"A clean slate" approach could be on the cards for Australia's controversial medicinal cannabis laws, after a delegation, led by Lucy Haslam, met with multiple members of parliament on Monday.
The delegation met with Labor leader Anthony Albanese's staff; health and veterans' affairs opposition spokesmen Chris Bowen and Shayne Neumann; Mike Freelander; independent senators Jacqui Lambie and Pauline Hanson; Greens leader Richard Di Natale; and ex-Tamworth man, now independent Tasmanian MP, Andrew Wilkie.
"Disappointingly, the only government member to accept an invitation was Warren Entsch," Mrs Haslam said.
Health Minister Greg Hunt declined to meet with the delegation.
"What we are trying to do now is call for an inquiry into it, and people like Richard Di Natale and Jacqui Lambie were very keen to push for an inquiry," Mrs Haslam said.
"Jacqui and Pauline were particularly incensed about how veterans that could use medicinal cannabis are being treated.
"The push will be for the inquiry and for the re-introduction of the Regulator Bill."
The cross-party Regulator of Medicinal Cannabis Bill was passed by the senate in 2014, before being thrown out by the government.
It instead introduced the Narcotic Drugs Amendment Act, before medicinal cannabis was legalised in 2016.
That act, however, means "price can never be addressed because it is an unapproved medicine", whereas the original act sought for an independent body to govern the rules, including price, of the medicine.
"Richard Di Natale has been going through the original cross-party bill to see how it can be updated, and his plan is to re-introduce that bill, which will allow for fair access.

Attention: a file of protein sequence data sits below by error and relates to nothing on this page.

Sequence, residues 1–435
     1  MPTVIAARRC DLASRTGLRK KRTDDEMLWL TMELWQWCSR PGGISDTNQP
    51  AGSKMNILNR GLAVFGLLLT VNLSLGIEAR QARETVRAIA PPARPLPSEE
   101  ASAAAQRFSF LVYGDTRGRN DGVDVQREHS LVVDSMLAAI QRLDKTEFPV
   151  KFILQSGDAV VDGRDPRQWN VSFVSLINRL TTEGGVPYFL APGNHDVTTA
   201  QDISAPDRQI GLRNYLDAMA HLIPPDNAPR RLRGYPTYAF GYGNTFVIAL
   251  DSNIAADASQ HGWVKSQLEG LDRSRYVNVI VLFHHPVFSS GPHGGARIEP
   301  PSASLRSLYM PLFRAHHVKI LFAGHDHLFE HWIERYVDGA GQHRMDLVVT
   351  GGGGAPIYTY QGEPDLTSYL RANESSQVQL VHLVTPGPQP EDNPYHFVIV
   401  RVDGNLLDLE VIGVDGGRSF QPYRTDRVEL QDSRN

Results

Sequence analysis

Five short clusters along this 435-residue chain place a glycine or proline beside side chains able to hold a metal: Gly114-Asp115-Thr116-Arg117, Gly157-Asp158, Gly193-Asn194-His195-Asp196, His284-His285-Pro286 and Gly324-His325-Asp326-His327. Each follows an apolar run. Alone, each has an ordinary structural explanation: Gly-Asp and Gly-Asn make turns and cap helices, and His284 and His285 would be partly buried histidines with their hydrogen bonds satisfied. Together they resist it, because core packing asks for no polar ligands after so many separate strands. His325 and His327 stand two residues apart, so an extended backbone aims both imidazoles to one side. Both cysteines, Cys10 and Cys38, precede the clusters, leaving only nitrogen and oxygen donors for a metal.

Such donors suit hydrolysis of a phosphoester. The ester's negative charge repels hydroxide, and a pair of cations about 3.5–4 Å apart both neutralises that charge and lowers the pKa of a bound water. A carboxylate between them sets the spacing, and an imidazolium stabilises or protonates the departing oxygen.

"We hope that bill can be re-introduced by the end of the year."
The Narcotics Drug Amendment Act included a clause for a review two years after its implementation. The review made 26 recommendations.
"Greg Hunt said that all 26 recommendations will be adopted, although we found out on Tuesday that the recommendations will be adopted in September 2020 - another year away," Mrs Haslam said.
"The review didn't even include patient access, so we are also pushing for a review into patient access."
The delegation also included CWA president Tanya Cameron, NSW Nurses and Midwives' Association general secretary Rita Martin, Chronic Pain Australia executive director Ben Graham, two lawyers, and an Afghanistan War veteran.
The veteran, who did not wish to be named, suffers from PTSD and has a legal prescription for cannabis.
However, they fell foul of the law after being unable to afford the $1100-a-month cost of the medication.